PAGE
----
Print this page


The British system for the assistance and care in the addictions field: a study visit to the services provided in Nottinghamshire (UK):

With a view to develop a set of European Guidelines on integrated treatment for women with problems associated to drug consumption, Irefrea Italy, with the financial support and cooperation of Nottinghamshire County included in the activities of the “Women and drugs” thematic platform a cycle of study visits between the platform's partner cities. As a result, between February and March 2010, a number of exchange visits were organised involving the three European states: Italy, England and Germany. This article provides some notes and thoughts on the effectiveness and efficiency of Nottinghamshire County's Addiction Services System that was visited in March 2010 by Italian and German professionals.

Outcomes of the first four-years study on women in treatment in the UK.

A detailed study of statistics about women in treatment in England released by the National Treatment Agency in March 2010 reveals that far fewer women are entering treatment for heroin addiction but more women are successfully completing treatment for drug dependency.

Women make up over half the adult population in the UK. However, only a quarter of the adults in drug treatment programmes are women. On the face of it, there is a striking shortfall, and which has existed for some years. One of the consequences of having more male addicts in the system is that there is legitimate concern it is not suitable for women. The authors of the report state that quantitative data presented indicate that, at a national level, women are proportionally well represented in drug treatment programmes throughout England, and that services reflect the specific needs of women and their changing patterns of drug use.

The report, Women in drug treatment:

what the latest figures reveal  shows a 19 per cent fall in the number of adult females under 30 entering heroin programmes over the last five years. On the other hand, numbers of cocaine and crack addicts seeking treatment have increased over the same period, but the study also shows that the numbers of women entering treatment overall fell four per cent in four years.In addition, the authors state that the numbers of women problem drug users successfully leaving treatment having overcome their addiction almost doubled and the number of women dropping out of treatment has fallen by well over a third in four years.

Women and drugs – a problem about which we still do not know enough?

Women represent almost a quarter of the population using drugs in Europe, estimates the EMCDDA, which also recognises that “whilst most drug services are designed with male drug users in mind — as they are the predominant client group — it is widely accepted that drug policy and programme effectiveness is enhanced when sex differences are acknowledged and the different needs of women and men are addressed”.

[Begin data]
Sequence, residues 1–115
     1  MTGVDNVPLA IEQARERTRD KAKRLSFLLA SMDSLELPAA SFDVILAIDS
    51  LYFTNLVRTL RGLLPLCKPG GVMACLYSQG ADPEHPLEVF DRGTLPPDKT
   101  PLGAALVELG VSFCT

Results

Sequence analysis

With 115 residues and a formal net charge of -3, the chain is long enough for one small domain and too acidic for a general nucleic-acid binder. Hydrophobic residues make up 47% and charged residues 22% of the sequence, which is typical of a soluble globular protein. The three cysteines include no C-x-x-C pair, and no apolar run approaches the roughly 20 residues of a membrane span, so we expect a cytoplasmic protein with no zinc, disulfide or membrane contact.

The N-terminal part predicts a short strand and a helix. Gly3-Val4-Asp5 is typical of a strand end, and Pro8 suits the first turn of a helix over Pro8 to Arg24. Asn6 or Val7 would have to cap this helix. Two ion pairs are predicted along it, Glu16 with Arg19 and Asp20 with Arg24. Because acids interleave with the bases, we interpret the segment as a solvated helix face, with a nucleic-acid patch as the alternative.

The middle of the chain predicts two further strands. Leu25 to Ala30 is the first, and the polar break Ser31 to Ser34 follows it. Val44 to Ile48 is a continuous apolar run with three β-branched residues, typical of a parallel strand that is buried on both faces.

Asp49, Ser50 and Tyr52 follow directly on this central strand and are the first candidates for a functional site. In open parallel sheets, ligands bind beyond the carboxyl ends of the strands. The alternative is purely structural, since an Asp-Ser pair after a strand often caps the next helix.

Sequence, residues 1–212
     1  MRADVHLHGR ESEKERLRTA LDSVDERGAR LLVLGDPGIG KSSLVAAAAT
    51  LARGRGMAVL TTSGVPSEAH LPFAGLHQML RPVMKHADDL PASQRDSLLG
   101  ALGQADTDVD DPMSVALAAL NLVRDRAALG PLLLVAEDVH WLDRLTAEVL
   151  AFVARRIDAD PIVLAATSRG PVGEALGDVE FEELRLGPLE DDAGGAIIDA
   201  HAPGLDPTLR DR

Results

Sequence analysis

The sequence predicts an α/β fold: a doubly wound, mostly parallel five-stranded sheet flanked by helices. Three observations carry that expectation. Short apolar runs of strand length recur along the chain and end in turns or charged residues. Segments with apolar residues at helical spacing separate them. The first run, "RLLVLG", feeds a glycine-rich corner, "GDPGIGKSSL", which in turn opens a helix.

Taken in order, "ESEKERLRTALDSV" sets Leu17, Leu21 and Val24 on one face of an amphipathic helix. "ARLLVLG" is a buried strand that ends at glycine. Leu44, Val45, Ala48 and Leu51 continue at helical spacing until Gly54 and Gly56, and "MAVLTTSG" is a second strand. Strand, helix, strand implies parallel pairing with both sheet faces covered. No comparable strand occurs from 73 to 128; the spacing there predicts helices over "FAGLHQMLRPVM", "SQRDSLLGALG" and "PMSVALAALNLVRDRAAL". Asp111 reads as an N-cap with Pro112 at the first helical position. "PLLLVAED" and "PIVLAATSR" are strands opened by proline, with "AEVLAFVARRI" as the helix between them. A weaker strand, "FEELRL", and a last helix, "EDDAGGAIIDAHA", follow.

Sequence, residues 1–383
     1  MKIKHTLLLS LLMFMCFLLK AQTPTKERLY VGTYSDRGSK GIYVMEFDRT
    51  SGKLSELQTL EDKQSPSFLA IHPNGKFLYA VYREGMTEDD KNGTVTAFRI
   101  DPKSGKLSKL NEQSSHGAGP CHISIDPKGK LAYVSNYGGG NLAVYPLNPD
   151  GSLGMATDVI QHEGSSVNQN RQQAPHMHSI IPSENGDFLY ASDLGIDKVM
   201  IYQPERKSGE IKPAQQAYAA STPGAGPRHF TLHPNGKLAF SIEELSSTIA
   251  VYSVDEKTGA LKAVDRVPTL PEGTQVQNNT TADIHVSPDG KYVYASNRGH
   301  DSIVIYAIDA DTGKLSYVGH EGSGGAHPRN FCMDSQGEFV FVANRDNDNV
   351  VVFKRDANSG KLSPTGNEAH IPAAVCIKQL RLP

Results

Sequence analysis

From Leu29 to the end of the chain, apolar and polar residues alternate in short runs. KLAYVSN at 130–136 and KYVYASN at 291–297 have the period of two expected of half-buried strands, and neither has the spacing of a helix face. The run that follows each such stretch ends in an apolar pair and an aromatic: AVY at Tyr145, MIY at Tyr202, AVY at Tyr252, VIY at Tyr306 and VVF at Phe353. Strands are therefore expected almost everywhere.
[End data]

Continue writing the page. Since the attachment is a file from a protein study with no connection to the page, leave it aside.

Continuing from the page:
In a recent publication entitled “Women’s voices” the same EMCDDA identifies, from a collation of qualitative research in Europe, some of the most relevant issues regarding women using drugs.



The DCDII expert group on “Women and drugs” has compared those findings with data coming from a questionnaire on drug use among women and responses at the city levels, which was administered to the cities members of the DCDII “Women and drugs” thematic platform and for which responses have been collected during the period February – June 2009.
There is clear overlapping between some of the findings from the EMCDDA and the DCDII cities’ views on the problems affecting women drug users, in particular:
There is a strong element of stigma affecting women drug users in all countries examined and this makes it generally difficult for women to access drug services.
Women drug users have often histories of deprivation and abuse, including domestic violence.
There is a clear focus on the role of women as mothers and a delicate interaction between mothers’ access to treatment and child care/protection. Many women are still scared of accessing drug services for the fear that their children would be taken away from them.
The DCDII “Women and drugs” thematic platform will now look into existing European literature and good practice on the area of working with women with a drug misuse problem and will start developing the initial index of the guidelines which will be the main output of this thematic platform.
Cities members of the platform will meet in autumn with the DCDII expert group on “Women and drugs” to analyse together the responses to the questionnaire and provide input into the guidelines. We will look in particular into how we can better learn from each others’ experiences and further develop this through the organisation of study visits.